I’ve been a landlord – personally and corporately – since I was 26. Operating across the UK from rural social housing in northern Ireland to prime and fringe prime central London. I believe that a well regulated private rented sector has an important role to play in housing as the country navigates the chronic shortage which affects all of us across all parts of the market. Private landlords can also help with bettering the quality and choice of housing. However for many reasons, often valid and understandable, private rental has a poor image.
This needs dealt with – the real problems within the sector that lead to the image problems and then a more aspirational presentation of the value and role of private rented sector. Which in my experience includes numerous compassionate private individuals and SME landlords who care genuinely about their businesses and their tenant-customers.
But something I’ve noticed is that whilst this remains messy and unresolved, and in tandem with underfunded stretched court systems and the boom of short term lettings platforms such as Air Bnb; a perfect storm has emerged where private tenancy fraud with links to organised crime has emerged within some of London’s most prestigious post codes. In the cases I’m dealing with it’s happened in Belgravia, Kensington and Chelsea.
Individuals take on ASTs for properties presenting as normal private tenants. They then quickly stop paying rent typically using disrepair as the argument knowing it will take circa 18 months for a landlord to obtain an eviction. They deny the landlord any access, advertise and sell the rooms on Air Bnb, Vimeo and Booking.com to unsuspecting international and domestic visitors who are then staying in accommodation where the insurance has been compromised. Other residents, neighbours and freeholders have their security interests compromised as do any lenders affected. Presumably they are not declaring the income or paying tax. In high season a Belgravia flat can be advertised for thousands of pounds a night.
This matters because as you look at these hosts you then realise that in some cases they are hosting 20-30 other central London properties. Presumably ones they have also hijacked. Worse still in extreme cases they then try to threaten and intimate the landlords or the on-site building staf. This is difficult to seek police help for as landlord-tenant matters are generally classed as civil and the landlord would be typically be seen by a police officer as having more power than the tenant.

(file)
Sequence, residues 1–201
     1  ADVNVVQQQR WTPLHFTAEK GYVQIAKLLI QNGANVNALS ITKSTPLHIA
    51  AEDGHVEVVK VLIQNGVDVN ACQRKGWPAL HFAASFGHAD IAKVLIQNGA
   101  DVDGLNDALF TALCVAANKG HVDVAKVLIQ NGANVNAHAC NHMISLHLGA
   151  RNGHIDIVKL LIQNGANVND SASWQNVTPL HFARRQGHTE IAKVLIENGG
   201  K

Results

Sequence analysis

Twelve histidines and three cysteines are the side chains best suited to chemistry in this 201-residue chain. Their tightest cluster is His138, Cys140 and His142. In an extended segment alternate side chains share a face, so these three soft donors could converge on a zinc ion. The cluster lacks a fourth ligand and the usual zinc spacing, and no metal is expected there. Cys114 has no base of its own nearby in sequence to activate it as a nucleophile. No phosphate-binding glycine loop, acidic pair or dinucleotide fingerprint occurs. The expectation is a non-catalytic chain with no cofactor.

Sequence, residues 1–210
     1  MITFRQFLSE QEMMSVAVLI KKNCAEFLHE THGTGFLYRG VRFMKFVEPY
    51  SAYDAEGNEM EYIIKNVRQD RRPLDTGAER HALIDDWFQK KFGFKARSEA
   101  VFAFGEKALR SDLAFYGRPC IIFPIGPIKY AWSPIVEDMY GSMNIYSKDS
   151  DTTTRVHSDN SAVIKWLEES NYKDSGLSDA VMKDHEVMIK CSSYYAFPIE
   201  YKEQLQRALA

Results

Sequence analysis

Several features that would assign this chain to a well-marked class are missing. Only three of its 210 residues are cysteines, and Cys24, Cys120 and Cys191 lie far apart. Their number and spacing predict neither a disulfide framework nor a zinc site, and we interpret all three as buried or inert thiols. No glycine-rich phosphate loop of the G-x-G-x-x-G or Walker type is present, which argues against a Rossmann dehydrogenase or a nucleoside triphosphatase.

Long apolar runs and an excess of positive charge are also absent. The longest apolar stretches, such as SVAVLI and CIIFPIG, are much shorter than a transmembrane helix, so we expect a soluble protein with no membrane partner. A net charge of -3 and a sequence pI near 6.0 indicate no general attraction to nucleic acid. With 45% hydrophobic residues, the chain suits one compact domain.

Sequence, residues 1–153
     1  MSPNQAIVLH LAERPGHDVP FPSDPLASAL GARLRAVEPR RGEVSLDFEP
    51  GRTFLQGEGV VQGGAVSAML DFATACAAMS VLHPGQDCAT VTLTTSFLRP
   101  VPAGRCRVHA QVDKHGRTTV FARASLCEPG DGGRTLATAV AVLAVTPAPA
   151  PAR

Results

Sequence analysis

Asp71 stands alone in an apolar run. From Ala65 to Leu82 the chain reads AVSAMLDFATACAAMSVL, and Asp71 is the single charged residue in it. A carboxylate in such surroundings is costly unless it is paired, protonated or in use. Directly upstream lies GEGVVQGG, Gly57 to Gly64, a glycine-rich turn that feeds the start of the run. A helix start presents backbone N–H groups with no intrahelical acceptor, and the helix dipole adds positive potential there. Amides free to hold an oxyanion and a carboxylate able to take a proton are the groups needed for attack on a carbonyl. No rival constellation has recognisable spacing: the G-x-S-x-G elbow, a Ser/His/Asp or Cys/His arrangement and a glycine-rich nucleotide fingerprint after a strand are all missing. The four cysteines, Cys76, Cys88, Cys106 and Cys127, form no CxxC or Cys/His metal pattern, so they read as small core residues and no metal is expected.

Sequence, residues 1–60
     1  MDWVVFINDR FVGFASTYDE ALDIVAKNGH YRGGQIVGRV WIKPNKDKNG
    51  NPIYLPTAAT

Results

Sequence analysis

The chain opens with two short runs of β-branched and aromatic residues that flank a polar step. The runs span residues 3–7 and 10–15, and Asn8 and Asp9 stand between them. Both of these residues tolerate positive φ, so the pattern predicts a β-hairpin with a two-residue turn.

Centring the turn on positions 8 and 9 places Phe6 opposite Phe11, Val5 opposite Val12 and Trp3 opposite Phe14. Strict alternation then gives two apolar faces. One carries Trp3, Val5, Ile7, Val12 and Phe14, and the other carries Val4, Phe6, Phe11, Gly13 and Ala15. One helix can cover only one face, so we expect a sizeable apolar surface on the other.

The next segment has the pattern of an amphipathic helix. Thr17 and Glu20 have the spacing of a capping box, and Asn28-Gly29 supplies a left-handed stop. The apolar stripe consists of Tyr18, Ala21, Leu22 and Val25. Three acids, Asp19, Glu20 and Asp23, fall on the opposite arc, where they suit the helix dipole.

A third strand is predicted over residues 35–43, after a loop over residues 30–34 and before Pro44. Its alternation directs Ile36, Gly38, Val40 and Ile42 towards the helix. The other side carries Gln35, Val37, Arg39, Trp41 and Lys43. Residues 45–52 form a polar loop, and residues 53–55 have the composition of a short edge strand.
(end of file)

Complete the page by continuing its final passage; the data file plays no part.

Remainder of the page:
The only way of dealing with these is through the courts which does seem to work when you eventually get through the waiting times and the early hearings. Contacting the holiday rental platforms where you see your property listed each night doesn’t work. Our last lawyers letter to Booking.com was some 8 weeks ago and has not even been acknowledged. A tenant whose eviction is slated for the 3rd week in July is still using their platform to rent out rooms (including a continental style breakfast and free WIFI) near Kensington Palace. It is harder than it should be for landlords and their staff or property managers to get help as experienced fraudsters, who are often linked to organised gangs operating at scale, can also currently use the laws and systems we have in place in the UK that are designed to protect tenants from unfair treatment.
So why does this matter? Well apart from the links to organised crime which is a whole other LinkedIn post. Who wins from this? The landlord spends £20-£40k on legal fees, loses revenue and basically ends up with a loss that will get offset against their own tax bill for however many years. The fraudsters takes the revenue and I’m assuming have a pretty loose rapport with HMRC. The online booking platforms take commission. However not on all transactions as very often the hosts will advertise online but then take cash payments in person.
With one of our “hoteliers” – about to be evicted soon from a “5 star holiday heaven” (their words) near Harrods – I counted up their listings on Air Bnb alone and published room rates and assumed a 80% annual occupancy rate. It comes out at about £2.5m a year from which they will pay platform commission and some rent and a deposit to secure the tenancies initially. I have never cash flow modelled a criminal enterprise before so am unsure of all of the assumptions; however believe there is an annual profit of circa £2m. Its certainly lucrative as we can often track down and view open Instagram accounts which are littered with motivational get rich quick quotes and photographs of hire purchase performance cars (as a tip you can search the registration number on HPI.co.uk for a fee of £7!).
So the critical investment that housing does need – from the private rental sector and the public purse – is restricted by the lack of funds flowing into it. Investors who experience it first hand question UK based professionals such as me why our legal system allows this to happen. This is difficult to answer as it would be easier to get help of this was a car, hand bag, tennis racket or literally anything else that belonged to you, that someone stole and that was being rented out by them to online complete with special offers such as free airport transfers or a ‘genius discount for a longer stay’.
The scary, counter productive and illogical nature of this is something Merchant Land will continue to try and draw attention to.
There should be a fast track housing tribunal and better criminal law provision to wind down tenancy fraud of this nature within a maximum of 2 months of it being proven. We also need measures to prevent serial perpetrators from carrying on with a business model that undermines the best interests of everyone else.